Article by: Paul M. Secunda
46 PEPP. L. REV. 875 (2019)
The federal Occupational Safety and Health Administration (OSHA) administers specific workplace and health standards that generally and expressly preempt the entire field of workplace safety and health law. However, where such federal OSHA standards do not exist or states have developed their own approved OSHA plans, OSHA does not merely set a regulatory floor either. A type of “hybrid federalism” has been established, meaning a strong federal-based field preemption approach to labor and employment law issues, but tied to a conflict preemption approach. Applying this hybrid preemption approach to the employee right to disconnect problem provides the best opportunity to address the growing epidemic of overwork through electronic communications in the United States.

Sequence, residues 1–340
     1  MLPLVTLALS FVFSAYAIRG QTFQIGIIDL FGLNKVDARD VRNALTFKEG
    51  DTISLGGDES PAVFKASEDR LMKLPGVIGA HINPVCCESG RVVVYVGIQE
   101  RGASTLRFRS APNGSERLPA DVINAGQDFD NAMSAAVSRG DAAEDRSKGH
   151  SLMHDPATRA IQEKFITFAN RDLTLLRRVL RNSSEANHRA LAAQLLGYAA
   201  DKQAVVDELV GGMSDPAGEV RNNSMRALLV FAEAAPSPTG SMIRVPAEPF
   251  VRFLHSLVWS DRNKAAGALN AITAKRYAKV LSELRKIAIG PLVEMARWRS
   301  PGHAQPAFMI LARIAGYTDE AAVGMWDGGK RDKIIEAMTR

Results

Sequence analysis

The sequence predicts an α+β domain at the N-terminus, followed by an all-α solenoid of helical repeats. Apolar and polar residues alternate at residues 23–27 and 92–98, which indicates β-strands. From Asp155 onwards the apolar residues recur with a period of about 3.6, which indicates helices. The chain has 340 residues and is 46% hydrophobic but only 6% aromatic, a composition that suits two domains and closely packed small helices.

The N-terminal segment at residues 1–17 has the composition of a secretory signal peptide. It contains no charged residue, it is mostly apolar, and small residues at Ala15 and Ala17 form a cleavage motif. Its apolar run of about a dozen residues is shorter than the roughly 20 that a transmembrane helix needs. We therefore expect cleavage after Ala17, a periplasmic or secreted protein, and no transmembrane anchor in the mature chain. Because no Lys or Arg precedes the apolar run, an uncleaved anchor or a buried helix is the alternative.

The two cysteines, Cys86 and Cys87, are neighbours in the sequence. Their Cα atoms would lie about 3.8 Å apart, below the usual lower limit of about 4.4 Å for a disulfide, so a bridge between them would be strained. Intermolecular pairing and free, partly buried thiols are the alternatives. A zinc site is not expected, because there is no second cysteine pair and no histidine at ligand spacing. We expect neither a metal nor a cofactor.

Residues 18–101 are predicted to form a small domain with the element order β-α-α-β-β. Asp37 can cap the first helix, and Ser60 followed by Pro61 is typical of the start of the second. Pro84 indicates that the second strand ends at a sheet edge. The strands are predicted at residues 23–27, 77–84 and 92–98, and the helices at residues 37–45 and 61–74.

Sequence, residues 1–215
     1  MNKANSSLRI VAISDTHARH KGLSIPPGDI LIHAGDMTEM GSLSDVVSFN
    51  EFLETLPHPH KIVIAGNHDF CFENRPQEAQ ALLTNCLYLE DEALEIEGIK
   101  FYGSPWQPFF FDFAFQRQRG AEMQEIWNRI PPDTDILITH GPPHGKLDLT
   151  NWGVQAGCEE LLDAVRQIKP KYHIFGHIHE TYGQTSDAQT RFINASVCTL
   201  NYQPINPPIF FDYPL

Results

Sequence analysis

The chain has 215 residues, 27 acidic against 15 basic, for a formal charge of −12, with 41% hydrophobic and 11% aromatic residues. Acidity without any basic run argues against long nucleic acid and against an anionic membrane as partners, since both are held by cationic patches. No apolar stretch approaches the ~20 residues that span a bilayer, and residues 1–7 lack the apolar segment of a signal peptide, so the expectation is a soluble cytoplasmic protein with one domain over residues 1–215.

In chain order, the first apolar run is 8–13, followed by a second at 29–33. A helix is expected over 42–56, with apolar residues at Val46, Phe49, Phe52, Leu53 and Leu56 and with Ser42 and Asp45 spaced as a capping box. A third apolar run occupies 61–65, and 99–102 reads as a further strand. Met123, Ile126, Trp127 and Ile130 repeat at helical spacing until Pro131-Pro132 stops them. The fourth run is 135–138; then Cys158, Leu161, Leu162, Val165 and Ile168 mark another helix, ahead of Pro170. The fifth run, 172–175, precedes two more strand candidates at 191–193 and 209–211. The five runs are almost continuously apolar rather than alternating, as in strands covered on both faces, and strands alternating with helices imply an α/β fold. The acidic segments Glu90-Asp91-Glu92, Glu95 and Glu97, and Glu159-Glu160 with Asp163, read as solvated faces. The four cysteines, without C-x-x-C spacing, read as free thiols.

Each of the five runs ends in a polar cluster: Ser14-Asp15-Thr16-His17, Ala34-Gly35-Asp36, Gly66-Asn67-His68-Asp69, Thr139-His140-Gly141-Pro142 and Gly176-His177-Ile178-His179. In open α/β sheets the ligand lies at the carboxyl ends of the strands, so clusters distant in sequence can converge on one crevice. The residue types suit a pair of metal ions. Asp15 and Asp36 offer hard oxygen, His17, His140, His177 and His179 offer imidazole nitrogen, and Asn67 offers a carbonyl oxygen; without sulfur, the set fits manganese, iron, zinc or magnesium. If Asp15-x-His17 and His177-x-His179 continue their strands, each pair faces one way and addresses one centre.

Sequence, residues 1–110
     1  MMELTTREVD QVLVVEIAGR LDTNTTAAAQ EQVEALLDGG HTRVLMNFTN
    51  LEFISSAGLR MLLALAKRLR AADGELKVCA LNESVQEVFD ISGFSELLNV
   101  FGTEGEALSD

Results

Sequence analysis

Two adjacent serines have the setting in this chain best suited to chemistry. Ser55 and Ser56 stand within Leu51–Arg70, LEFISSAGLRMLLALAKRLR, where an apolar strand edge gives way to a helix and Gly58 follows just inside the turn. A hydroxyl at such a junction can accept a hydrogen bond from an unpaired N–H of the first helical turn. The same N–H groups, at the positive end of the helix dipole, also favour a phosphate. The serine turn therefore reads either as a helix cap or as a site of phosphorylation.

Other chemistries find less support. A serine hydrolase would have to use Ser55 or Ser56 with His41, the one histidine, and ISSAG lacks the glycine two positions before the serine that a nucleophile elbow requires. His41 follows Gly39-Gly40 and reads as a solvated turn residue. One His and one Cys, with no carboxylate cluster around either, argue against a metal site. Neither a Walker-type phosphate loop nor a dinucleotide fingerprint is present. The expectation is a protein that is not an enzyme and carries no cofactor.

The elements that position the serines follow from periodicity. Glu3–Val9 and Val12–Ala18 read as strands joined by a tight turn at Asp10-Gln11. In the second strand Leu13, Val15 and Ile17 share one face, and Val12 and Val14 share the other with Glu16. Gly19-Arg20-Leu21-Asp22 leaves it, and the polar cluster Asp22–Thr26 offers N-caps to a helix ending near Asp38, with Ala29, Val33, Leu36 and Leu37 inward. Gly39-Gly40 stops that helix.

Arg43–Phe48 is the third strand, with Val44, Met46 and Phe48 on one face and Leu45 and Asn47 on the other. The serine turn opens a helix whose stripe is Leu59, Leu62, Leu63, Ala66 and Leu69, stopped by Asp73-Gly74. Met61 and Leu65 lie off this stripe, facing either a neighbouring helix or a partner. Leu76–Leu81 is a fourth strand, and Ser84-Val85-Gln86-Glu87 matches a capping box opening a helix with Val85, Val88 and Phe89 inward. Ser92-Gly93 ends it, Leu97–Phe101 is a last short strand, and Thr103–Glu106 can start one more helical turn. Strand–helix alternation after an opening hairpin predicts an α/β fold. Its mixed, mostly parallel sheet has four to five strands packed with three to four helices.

This hybrid approach has two essential characteristics under OSHA. First, as a default standard, a federal general duty clause that requires all covered employers to maintain a workplace free of hazards that may cause serious injury or death and cannot be feasibly abated. Second, OSHA also has promulgated specific workplace safety and health standard over the last five decades that set more detailed and specific requirements for numerous health or safety dangers in the workplace. The specific standards occupy the field and all contrary state or local safety and health regulations are preempted. Yet, employers can still seek a permanent variance from any OSHA standard if they can establish that they have another method to achieve the same goal as the permanent standard. Second, the OSHAct also permits states to develop their own plans and submit them for approval to OSHA. Twenty-seven states have taken advantage of this option to one degree or another and have plans approved by OSHA. While these state-approved plans must be “at least as effective” as the federal OSHAct, some states, like California and Virginia, have been more aggressive in regulation and have regulated areas that the federal OSHAct has not. This Article maintains that a combination of general duty clause federal enforcement and individual state enforcement is the most effective way of providing a broad-based right to disconnect standard until a federal permanent OSHA standard can be promulgated.